Wildflowers, Plants and Ferns, Pacific Northwest
Bunchberry, is also known as the Dwarf dogwood. The Bunchberry grows in great abundance in the Pacific Northwest. This perennial sub shrub is a diminutive member of the dogwood family. The Bunchberry is native to a broad area extending west from extreme southern Greenland across boreal Canada and the Northern United States south down the Rocky Mountains into Colorado and New Mexico, across Alaska to Northeastern Asia.
It thrives in moist well drained soils of forests and forest edges. In some places it is the dominant ground cover of the forest floor, in other places it can carpet stumps and fallen logs. The erect flowering stems are generally 10 to 20 cm tall.
The form of the Bunchberry Flower, leaf shape and leaf venation are very similar to its bigger relative, the flowering dogwood tree. The flowering stems emerge from the creeping underground stem late in the spring. Leaves unfold into a whorl of four to six leaves and above these leaves the flower opens and blooms from May through early July.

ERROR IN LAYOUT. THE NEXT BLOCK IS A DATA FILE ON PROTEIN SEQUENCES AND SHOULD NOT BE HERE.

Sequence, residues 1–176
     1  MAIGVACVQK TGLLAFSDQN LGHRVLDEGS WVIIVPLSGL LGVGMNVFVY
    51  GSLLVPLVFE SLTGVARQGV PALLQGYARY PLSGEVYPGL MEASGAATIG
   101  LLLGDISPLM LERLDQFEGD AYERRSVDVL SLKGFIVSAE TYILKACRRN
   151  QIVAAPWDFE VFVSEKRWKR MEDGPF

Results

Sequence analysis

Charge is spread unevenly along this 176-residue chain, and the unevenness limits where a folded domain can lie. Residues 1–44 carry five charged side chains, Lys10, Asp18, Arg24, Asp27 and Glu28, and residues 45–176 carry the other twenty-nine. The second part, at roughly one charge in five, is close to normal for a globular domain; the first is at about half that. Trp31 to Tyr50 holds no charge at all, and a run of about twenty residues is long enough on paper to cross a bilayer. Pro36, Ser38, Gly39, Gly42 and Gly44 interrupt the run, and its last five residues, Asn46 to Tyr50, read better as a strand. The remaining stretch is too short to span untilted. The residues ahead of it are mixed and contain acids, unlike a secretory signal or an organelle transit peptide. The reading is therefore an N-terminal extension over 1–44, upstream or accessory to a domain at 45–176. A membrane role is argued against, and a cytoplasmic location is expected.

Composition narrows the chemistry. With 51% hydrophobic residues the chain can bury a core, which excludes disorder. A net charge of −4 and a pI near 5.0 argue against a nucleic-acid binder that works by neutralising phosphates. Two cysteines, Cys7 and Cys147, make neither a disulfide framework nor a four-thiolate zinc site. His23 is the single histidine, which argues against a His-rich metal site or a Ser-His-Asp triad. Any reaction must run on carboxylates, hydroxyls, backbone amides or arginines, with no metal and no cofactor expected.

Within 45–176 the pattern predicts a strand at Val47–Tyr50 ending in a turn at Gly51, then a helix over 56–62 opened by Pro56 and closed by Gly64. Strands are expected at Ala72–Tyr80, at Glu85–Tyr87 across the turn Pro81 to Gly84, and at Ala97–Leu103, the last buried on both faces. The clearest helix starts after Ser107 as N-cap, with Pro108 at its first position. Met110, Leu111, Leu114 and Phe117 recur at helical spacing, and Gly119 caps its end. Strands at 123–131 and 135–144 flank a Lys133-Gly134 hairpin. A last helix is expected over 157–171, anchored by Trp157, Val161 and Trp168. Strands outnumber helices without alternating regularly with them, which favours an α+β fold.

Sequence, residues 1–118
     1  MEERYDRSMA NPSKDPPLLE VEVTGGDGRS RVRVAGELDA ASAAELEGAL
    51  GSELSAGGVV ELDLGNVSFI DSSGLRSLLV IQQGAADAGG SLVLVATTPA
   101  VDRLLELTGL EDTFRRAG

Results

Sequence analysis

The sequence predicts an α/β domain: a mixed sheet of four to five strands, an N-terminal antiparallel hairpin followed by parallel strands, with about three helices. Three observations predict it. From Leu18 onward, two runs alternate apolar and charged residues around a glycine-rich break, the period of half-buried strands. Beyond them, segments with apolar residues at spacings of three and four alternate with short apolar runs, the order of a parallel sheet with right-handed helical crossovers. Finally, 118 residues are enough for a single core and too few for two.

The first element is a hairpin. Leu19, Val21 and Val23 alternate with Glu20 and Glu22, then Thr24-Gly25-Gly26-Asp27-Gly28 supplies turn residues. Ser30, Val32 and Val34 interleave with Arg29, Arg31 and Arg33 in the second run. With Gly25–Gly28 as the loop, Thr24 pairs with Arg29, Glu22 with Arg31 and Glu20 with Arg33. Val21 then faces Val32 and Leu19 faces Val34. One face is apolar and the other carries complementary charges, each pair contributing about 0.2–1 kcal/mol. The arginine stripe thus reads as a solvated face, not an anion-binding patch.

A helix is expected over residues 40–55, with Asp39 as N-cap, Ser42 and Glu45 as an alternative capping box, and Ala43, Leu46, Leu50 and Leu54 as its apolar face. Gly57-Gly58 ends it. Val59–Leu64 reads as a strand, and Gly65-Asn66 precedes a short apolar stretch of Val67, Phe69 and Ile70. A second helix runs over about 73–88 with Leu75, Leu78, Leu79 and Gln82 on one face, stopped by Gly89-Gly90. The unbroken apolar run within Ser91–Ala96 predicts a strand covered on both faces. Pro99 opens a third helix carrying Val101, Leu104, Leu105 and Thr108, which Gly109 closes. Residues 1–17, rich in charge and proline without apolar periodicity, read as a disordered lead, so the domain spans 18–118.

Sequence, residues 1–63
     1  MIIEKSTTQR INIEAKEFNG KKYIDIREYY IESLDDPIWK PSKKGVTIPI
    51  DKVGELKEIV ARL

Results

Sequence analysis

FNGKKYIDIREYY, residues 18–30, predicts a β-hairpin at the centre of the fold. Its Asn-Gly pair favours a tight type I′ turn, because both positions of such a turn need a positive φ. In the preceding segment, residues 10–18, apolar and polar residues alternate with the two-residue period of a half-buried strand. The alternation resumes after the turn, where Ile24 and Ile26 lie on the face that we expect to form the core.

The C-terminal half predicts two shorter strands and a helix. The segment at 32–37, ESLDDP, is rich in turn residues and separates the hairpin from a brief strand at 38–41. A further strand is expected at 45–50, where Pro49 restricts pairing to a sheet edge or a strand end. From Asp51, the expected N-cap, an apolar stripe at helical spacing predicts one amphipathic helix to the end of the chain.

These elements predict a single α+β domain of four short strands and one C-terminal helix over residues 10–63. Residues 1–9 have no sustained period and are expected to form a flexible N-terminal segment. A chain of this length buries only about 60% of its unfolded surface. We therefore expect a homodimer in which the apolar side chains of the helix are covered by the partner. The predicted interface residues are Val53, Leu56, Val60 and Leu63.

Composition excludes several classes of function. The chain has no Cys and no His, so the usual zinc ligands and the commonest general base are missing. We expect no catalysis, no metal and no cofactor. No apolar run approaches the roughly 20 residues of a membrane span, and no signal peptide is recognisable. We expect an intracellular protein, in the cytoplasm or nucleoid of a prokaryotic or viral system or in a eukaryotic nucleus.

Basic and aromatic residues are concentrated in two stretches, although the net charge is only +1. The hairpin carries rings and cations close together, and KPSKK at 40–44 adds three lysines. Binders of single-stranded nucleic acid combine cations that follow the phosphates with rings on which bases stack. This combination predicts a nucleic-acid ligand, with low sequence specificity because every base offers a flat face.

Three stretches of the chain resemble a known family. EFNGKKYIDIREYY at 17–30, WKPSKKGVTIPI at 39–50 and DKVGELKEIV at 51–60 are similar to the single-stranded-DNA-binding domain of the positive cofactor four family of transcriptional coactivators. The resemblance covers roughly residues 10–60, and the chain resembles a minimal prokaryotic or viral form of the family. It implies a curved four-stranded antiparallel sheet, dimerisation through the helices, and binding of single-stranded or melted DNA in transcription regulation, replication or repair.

The flowers of Bunchberry are somewhat deceptive. The four white petals are actually modified leaves resembling flower petals. Clustered in the center of these four white to pinkish petal like bracts are the numerous tiny white to greenish to purplish flowers of the Bunchberry.
Flowers are pollinated by various flies and bees, which are attracted by the bright white petal-like bracts. In the late summer, clusters of spherical red fruit appear on the plant, thus the name bunchberry. Although the fruits are not poisonous, they are not particularly tasty, have an odd cottony texture and a single seed. The leaves become somewhat leathery, and in the autumn the leaves can turn bright colors. Since the leaves are somewhat evergreen, in protected places they can remain throughout the winter.